4. Do not be afraid of failure. The degree you have just earned places you in a position of trust and leadership. You must not betray it. Wherever you find yourself, others will look up to you as a leader; with great predictions of knowledge and wisdom. They expect you to take a position and lead in all matters of interest. You should not fear failure so much that you refuse to take stands or try new things. In every demanding situation, take a decision; in every circumstance take a stand. You must avoid the attitude of passivity, and mute indifference. Don’t be a ‘sidon dey look’; because thatis not a cause of action. Even the Bible admonishes us to be either cold or hot. The book of Revelation 3 vs 16 says, “because you are lukewarm, and neither cold nor hot, I will spit you out”. Learn to take a decision, if it turns out wrong, you learn from it, if it turns out right others learn from it; either way, it makes you a philosopher.

Heed the advice of Oswald Avery, “whenever you fall pick something up”. Remember that on His way to Calvary Christ fell thrice and, on each occasion, got up stronger and more determined to accomplish. Thomas Edison reminds us that “people are not remembered by how few times they failed, but by how often they succeed”. Tom Hopkins similarly reminds us “that the single most important difference between champions and average people is their ability to handle rejection and failure’.

You should be guided by the deep reflections of Theodore Roosevelt who said, “Far better it is to dare mighty things, to win glorious triumphs, even though checkered by failure, than to rank with those poor spirits who neither enjoy nor suffer much, because they live in a gray twilight that knows no victory nor defeat”

  1. Watch your reputation and be mindful of your character. As a philosopher which you have become, you must think deep, reflect and rationalize before you act or take a position. You must watch your reputation. You must live out your conviction. Do what in your judgement you consider to be the right thing, don’t act to please people. Society expects you to inspire and guide by moral example, putting character above any other primordial considerations. Wherever you find yourself or in whatever you do, whether in the public space or in private, you should avoid all forms of corrupt practices and undeserved gratifications and strive to exemplify through personal conduct the true values of a life of honesty and contentment.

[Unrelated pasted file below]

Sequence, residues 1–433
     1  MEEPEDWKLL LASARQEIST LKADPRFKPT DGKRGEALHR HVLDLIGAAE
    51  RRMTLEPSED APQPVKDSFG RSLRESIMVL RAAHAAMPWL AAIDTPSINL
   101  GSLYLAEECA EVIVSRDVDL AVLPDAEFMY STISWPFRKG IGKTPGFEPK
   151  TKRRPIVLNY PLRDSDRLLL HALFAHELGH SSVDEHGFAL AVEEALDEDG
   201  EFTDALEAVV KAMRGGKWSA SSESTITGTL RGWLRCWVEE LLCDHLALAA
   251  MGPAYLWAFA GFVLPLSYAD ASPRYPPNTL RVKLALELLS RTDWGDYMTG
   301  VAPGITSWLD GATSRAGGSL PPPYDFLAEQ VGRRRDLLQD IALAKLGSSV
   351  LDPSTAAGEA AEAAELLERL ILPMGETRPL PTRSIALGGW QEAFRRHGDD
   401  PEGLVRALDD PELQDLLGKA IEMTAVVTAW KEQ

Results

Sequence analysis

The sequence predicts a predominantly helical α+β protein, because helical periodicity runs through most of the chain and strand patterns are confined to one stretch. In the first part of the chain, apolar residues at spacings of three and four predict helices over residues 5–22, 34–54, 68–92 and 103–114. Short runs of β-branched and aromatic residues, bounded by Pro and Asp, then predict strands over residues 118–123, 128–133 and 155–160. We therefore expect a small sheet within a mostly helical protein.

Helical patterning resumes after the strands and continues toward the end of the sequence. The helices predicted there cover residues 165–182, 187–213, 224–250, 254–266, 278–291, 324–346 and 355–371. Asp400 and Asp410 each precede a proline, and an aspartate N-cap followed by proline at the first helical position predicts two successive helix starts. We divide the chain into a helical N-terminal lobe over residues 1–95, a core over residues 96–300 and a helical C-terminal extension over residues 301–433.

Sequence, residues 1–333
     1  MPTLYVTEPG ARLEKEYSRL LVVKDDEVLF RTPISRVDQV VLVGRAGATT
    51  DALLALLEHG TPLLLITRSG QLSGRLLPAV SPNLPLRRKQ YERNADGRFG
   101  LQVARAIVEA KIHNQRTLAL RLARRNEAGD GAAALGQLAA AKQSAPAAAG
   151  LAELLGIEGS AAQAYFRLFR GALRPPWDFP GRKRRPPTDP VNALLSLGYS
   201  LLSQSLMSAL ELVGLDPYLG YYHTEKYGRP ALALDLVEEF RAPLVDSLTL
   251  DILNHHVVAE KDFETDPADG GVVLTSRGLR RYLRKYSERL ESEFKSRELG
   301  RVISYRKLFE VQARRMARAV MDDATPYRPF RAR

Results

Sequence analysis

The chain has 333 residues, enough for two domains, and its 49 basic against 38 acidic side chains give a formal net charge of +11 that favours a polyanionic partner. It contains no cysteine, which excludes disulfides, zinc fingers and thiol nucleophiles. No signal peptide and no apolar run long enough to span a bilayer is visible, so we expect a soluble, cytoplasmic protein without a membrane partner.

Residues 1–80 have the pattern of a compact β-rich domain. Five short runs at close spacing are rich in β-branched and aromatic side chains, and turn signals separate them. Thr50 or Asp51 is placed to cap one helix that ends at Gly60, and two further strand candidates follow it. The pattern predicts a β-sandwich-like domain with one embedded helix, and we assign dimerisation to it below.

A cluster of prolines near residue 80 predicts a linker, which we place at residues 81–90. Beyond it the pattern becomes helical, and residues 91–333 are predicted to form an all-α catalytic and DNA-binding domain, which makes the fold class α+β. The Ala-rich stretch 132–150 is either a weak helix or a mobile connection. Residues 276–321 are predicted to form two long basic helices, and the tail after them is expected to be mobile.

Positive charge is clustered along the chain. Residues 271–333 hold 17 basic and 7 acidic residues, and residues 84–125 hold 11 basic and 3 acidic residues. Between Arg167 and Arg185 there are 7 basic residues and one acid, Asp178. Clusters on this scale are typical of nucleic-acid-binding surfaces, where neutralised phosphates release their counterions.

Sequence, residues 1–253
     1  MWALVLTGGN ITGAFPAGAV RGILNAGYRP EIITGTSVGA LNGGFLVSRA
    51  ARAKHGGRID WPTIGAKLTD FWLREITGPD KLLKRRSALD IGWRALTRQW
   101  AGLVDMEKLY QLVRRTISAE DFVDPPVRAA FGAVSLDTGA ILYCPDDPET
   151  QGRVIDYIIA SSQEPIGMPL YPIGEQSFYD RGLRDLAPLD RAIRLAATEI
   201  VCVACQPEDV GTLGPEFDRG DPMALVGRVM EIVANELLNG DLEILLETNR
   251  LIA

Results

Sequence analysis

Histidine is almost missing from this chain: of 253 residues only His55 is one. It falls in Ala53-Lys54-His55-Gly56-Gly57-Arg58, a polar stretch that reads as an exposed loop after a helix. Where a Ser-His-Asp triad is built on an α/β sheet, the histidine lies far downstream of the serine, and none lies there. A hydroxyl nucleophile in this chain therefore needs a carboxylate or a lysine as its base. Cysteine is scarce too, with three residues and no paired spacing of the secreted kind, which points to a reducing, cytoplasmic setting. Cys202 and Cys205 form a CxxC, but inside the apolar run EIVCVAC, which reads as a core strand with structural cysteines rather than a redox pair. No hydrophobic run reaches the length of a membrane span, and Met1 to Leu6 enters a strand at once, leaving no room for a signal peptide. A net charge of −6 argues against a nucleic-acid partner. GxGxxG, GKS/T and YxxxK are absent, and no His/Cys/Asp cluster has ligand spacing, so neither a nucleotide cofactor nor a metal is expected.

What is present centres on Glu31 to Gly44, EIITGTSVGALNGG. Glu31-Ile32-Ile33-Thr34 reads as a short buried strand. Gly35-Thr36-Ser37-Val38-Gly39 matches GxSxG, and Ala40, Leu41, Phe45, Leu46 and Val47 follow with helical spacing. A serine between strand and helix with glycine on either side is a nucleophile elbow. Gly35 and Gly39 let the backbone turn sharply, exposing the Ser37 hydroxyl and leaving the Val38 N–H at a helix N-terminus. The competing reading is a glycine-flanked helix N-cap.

Again, because people hold you in high esteem; you must watch your ways, watch what you say or do. It is good to watch your reputation, but it is more important to be mindful of your character. Reputation is good but character is better. Reputation is what people think you are, but character is what you are. There are many people whose character does not match their reputation. Outside they have a good reputation but inside they have a bad character. When we were kids, we had a man in our church who was popular and admired for his supposed piety. To us the kids, he was a symbol of piousness, he was popularly called “otito dili Jesu” and his reputation in the church went before him. He was very active and visible in parish activities and belonged to many pious societies. His reputation stood him in good stead until he wanted to join the knighthood; that was when it was revealed that he was a wife beater and a terror in his immediate and extended family. He had good reputation but bad character. This is not good; you must live what you preach.

  1. Be honest in big things as in small things. Talking about character, one character that you must own, cherish and propagate is honesty. Honesty is in great lack in the Nigerian society and that is why we are where we are today. Honesty is the best legacy in life. Honesty pays. You may not gain materially by being honest, but it sure earns you respect and a peace of mind.
  2. Do not despair, keep moving. The worst thing that can happen to you is to get despondent or to despair. In all circumstances never give up, keep up hope and never say die. The great admonition of Martin Luther King says it all;

If you cannot fly, run; If you cannot run, walk;

If you cannot walk, crawl; But by all means keep moving.

  1. Avoid envy and hatred. Just the way our faces look different, the same way our ambitions, our aspirations and talents are different. Discover yours and actualize yourself; there can only be one you. Do not envy, it is bad for the heart.